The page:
2.   The Story Trap – why do we fall back to narrative to describe complex phenomena?

We need narrative not because it is a valid epistemological description of the world but because of its cognitive role. It’s how we make sense of things. An inability to render life experiences into a coherent narrative is characteristic of psychotic disorders such as schizophrenia. Text that fails to deliver narrative coherence, for example in terms of relating cause to effect and honouring the expectations of readers, is harder to understand.

3.   The Doomsday Invention – profile of Nick Bostrom, AI philosopher and author of SuperIntelligence

In people, intelligence is inseparable from consciousness, emotional and social awareness, the complex interaction of mind and body. An A.I. need not have any such attributes. Bostrom believes that machine intelligences—no matter how flexible in their tactics—will likely be rigidly fixated on their ultimate goals. How, then, to create a machine that respects the nuances of social cues? That adheres to ethical norms, even at the expense of its goals? No one has a coherent solution. It is hard enough to reliably inculcate such behavior in people.

4.   User Behaviour – on the UI and ethics of Internet Addiction

A handful of corporations determine the basic shape of the web that most of us use every day. Many of those companies make money by capturing users’ attention, and turning it into pageviews and clicks. They’ve staked their futures on methods to cultivate habits in users, in order to win as much of that attention as possible. Successful companies build specialised teams and collect reams of personalised data, all intended to hook users on their products.

5.   Inside the Sony Hack – a gripping account of life inside Sony in the days and weeks after the hack.

The telephone directory vanished. Voicemail was offline. Computers became bricks.  Internet access on the lot was shuttered. The cafeteria went cash-only. Contracts—and the templates those contracts were based on—disappeared. Sony’s online database of stock footage was unsearchable … “It was like moving back into an earlier time,” one employee says. The only way to reach other Sony staffers was to dial their number directly—if you could figure out what it was—or hunt them down and talk face to face.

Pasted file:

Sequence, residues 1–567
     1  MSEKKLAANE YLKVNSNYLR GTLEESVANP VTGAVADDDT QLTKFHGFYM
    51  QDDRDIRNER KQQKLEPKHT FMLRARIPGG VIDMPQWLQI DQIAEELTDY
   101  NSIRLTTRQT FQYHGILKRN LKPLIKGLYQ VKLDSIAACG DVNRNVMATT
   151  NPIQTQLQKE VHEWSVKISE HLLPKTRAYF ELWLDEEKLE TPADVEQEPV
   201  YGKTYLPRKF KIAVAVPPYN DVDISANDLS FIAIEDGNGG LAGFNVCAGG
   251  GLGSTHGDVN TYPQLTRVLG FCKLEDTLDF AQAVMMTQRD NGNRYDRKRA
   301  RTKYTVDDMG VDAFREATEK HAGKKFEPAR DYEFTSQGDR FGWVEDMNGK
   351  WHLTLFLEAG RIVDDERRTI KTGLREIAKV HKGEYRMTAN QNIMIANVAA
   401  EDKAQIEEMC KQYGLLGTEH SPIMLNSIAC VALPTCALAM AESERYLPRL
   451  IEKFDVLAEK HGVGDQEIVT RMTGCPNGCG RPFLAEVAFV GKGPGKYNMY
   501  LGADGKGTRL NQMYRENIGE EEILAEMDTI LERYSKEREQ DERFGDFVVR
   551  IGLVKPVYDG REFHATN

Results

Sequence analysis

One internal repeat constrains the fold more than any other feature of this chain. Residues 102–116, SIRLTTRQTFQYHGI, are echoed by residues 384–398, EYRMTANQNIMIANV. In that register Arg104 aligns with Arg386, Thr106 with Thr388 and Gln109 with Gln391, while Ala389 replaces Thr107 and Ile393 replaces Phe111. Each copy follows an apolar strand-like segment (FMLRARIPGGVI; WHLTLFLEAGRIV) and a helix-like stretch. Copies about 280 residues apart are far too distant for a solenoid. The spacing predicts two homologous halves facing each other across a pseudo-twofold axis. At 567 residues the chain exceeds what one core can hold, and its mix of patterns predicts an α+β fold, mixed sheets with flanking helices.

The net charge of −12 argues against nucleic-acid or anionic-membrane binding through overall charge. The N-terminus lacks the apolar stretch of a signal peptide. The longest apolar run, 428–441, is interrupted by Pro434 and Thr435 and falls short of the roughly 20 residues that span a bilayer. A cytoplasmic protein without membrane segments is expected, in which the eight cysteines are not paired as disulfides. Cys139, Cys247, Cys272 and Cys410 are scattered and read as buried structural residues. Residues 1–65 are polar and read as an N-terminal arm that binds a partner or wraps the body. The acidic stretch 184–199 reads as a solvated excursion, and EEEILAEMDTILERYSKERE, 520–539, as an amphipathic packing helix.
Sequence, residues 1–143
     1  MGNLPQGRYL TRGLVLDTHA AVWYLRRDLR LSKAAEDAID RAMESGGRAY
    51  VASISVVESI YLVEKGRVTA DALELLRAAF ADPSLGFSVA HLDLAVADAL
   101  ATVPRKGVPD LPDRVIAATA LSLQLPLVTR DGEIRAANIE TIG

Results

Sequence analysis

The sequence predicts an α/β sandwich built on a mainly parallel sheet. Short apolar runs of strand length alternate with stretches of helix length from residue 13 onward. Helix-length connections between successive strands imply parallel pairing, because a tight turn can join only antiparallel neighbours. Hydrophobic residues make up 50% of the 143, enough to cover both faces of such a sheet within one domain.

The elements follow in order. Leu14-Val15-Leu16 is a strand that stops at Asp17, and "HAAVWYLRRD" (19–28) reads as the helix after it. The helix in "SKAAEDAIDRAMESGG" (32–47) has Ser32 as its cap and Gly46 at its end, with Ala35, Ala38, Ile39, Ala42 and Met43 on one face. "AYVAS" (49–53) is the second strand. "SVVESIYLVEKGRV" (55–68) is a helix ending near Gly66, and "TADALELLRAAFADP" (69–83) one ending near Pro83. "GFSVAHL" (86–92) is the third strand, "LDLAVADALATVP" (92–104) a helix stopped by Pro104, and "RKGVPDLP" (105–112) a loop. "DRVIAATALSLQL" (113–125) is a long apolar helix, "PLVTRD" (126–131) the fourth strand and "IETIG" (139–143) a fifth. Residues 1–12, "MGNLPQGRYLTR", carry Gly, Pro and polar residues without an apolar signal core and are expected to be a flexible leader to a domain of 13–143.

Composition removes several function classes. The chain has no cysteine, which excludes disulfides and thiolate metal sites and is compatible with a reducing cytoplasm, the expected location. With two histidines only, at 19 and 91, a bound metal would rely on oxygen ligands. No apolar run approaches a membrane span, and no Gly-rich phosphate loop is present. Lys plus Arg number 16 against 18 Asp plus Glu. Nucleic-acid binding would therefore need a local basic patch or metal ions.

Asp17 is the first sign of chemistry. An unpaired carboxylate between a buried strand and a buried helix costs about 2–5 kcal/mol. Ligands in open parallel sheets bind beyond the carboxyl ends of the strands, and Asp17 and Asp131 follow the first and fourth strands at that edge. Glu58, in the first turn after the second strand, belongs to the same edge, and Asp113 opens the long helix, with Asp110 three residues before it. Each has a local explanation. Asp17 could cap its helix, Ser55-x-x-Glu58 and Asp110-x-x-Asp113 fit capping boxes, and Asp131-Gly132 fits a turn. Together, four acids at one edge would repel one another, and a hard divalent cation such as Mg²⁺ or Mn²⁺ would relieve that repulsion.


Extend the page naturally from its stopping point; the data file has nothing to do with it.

Well, that little lot should fill your reading quota for the week – please let us know of any longreads worth sharing in the comments below.

f5 f5 f5 and breathe

f5 f5 f5 f5 and breathe.

Aaaaaah.

f5 and f5 and f5 yeaaaaaaah.

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Refreshing my browser doesn’t usually provoke such catharsis. But for the last 24 hours any attempt to revisit a previously reviewed page has resulted in being bounced to google search. So perhaps my reaction is a little more understandable.

But you might lose any sympathy when I tell you that I broke my internet on purpose. In the interests of science. With myself as the rat in a hall of mirrors of my own design.

Because I wanted to see what would happen if I forced myself to only go forward on the web, to break my surfing habits, to forge new digital trails and discover new lands. To turn my back on the familiar and the routine. To not check Facebook a half dozen times a day. To maybe avoid the distraction of my regular web browsing, or at least find new distractions.

So I got our Alex Matthews, our Creative Tech guru, to build me a browser extension that, when activated, only let me visit particular web pages once. That visit added them to a ban list and any attempt to revisit bounced to google homepage. I whitelisted google sites since our work email runs off google apps – I didn’t think that I’d be able to use ‘Amateur Science’ as an excuse for not replying to email.

Simultaneously I ran some extensions tracking my browsing and web activity to see if I either spent less time online or visited a greater variety of sites with the blocker turned on. The results, I must admit, are inconclusive. Work does get in the way of pure academic research. I had to turn the blocker off quite regularly to get anything done at all. I also found myself cheating my own experiment – browsing in incognito mode where I didn’t have the blocker activated. Using my phone to check twitter and other sites. But yes, I did use less internet with the blocker activated, largely out of frustration.

Of course, a browser extension that stops you revisiting the same old web is only partially interesting. What if instead of bouncing to google it displayed a list of previously unvisited web pages related to the site you had tried to visit? Could it become a serendipitous discovery engine based on the sites you already visit and enjoy? There isn’t really an alternative to facebook or twitter or netflix, but for news and entertainment and sports and tech reviews and online video there is plenty of scope for diversification. ‘Here’s something new’ trumps ‘You can’t go back’ and we’re talking about integrating this into a future release.
A 2010 Nielsen survey reveals that on average people visit 89 sites in a given month. So far in November I have visited over 350. On this computer. Which is one of four connected devices I used on any given day. The point of the Don’t Go Back extension experiment was two-fold. First, to force me to take a look at my online behaviour and maybe make some changes to how and where I browse. And second, to demonstrate that it’s a big old web out there with billions of pages to visit and explore and experience. Habits are hard to break – enforced variety might be what’s needed to spice up online life.

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If you want to try out the ‘Don’t go back’ extension and break the internet for yourself, here’s what to do:

– Download Don’t Go Back
– go to chrome://extensions
– select “developer mode” at top of page
– then click “Load unpacked extension”
– select the folder that you unzipped to